On a recent sunny afternoon Bob Loebelenz pauses to gaze 72 feet into the air at the spinning blades of his wind turbine, a small "clean, free electricity" smile creasing the corners of his mouth.
While giant wind turbines that supply power to utilities sprout along ridgelines across the United States, far smaller residential wind generators, like the one Mr. Loebelenz erected in 2003 to power his suburban Boston home, are still unusual in densely populated places.
That may be changing. Across the country signs are growing that "small wind" (a category that includes wind generators geared to supply a single home) is catching on in suburban and even urban settings.
"My phone has been ringing off the hook," says Mark Durrenberger, president and founder of New England Breeze, a Hudson, Mass., wind and solar power installer.
Improved generator technology, more financial incentives, rising electric rates, and energy-security concerns have opened the way for small-wind power to bloom in unlikely places.
"Small wind really seems to be taking off for residential, small business, and farm use," says Trudy Forsyth, leader of the distributed wind program at the National Renewable Energy Laboratory in Golden, Colo.
The installed capacity of "on grid" small-wind residential generators has almost tripled, from 1,300 kilowatts nationwide in 2006 to 3,000 kilowatts last year, says the American Wind Energy Association (AWEA), a Washington-based trade organization. The number of residential installations rose from 400 to 1,200 units in the same period.
Supplying that tiny but red-hot market are dozens of new companies that have popped up since 2000. Though a half-dozen companies dominate the market, AWEA tracks about 45 US manufacturers. With demand strong overseas, too, the US is the world leader in small-wind power, exporting more than half of what it sells.
"The growth we're now seeing in small-wind residential in the US is impressive," says Ron Stimmel, who tracks the small-wind market for AWEA. "Advanced technology and electronics have made these units more reliable, and more states are now offering incentives to build them."
At least 26 states have tax or productivity incentives or other subsidies to support wind energy, Ms. Forsyth says. But strong growth is happening even without the federal tax incentives enjoyed by solar panels and big utility-scale wind turbines, she notes.
Countervailing breezes are blowing.
Long held down by high up-front costs, lack of federal subsidies, and neighborhood opposition on aesthetic and noise grounds, small residential wind-power use continues to grow far more slowly than solar photovoltaic "panels," experts say. Some also oppose small-wind units claiming they are "bird Cuisinarts," Loebelenz says, though he has never found dead birds by his unit.
Another major hurdle is zoning laws. While few states or the 25,000 local zoning authorities have laws specific to wind power, that's changing, Mr. Stimmel says. Five states – Wisconsin, California, Michigan, Vermont, and New York – now prohibit local zoning laws from blanket small-wind prohibitions.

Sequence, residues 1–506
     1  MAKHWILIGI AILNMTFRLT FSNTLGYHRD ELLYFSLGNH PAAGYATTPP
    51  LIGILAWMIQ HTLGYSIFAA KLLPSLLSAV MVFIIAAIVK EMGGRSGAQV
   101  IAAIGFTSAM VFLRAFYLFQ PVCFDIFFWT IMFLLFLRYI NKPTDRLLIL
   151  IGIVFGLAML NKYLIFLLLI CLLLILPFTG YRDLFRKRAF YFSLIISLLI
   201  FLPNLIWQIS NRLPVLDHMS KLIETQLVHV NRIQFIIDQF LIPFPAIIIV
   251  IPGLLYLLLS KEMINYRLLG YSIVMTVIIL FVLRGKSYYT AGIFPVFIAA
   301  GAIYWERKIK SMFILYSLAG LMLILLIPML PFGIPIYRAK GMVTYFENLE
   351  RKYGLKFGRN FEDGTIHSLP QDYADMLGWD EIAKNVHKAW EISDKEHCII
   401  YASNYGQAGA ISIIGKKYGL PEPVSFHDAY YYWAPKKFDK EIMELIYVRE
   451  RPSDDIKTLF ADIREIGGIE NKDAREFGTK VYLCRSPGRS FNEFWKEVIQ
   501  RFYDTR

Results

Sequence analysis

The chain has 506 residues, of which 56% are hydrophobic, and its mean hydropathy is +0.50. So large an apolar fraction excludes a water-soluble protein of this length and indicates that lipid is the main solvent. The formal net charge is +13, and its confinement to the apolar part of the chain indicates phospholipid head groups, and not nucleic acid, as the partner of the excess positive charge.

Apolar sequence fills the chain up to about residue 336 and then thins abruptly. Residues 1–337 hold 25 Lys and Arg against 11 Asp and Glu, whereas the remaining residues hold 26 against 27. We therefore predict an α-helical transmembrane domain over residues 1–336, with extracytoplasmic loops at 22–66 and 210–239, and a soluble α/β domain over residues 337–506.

Even so, zoning battles over wind power are increasing. Loebelenz had to hire a lawyer. Even then, he might have lost the fight had not an octogenarian neighbor, Beverly Ryburn, not come to his rescue by rallying others to help.
Pointing to a plaque on his tower that reads: "The Beverly," Loebelenz notes: "I named my wind generator after her because, without her, it probably would not have been built."
Wind power can be expensive. Small wind turbines for homes run in the 2- to 10-kilowatt range. A smaller machine can cost from $12,000 to $60,000, installed. A rule of thumb: Turbine systems cost about $6 to $8 per watt (1 kilowatt = 1,000 watts), installed.
Loebelenz also has a big solar array on his barn roof next to the wind turbine. On many days, when the wind generator is humming and solar panels are cooking, he's generating far more energy than he uses, so he sells the overage to the power company.
It's that link to the power grid that's been key to small-wind growth. While wind power has long been popular for "off the grid" homes miles from power lines, growth in residential "grid tied" homes lagged until "net metering" laws were passed. Net metering means a utility must buy back extra power.
Better wind technology has helped, too. Lighter magnets in the generators, blades that adjust to wind conditions, and units that wirelessly report how much power they're making – along with global-warming concerns – are creating a "perfect storm" of interest in suburban, even urban residential wind power.
"Everything we had done historically was off-grid and international, but ... about six, seven years ago really, things started percolating," says Andy Kruse, vice president of Southwest Windpower, the nation's largest small-wind manufacturer, in Flagstaff, Ariz.
The company's newest small turbine – the 1.8-kilowatt "Skystream" – is aimed at the residential market. In February, the company said a Skystream would be erected at the Maine home of former President George H.W. Bush.
But Robin Wilson already has a Skystream wind generator atop a 45-foot pole sticking out of her new zero-energy home in San Francisco's Mission District. Hers may be the first such "urban residential turbine," though she can't be quite sure.
Ms. Wilson may have started something because San Francisco Mayor Gavin Newsom visited her home recently and says he's forming a group to study the idea of expanding residential wind throughout the city.
"I love the idea of being a zero-energy home and wind is helping me get there," says Wilson, whose neighbors "just love it" she says. The "scimitar-style" high-tech blades emit little noise, she says, "just a little hum."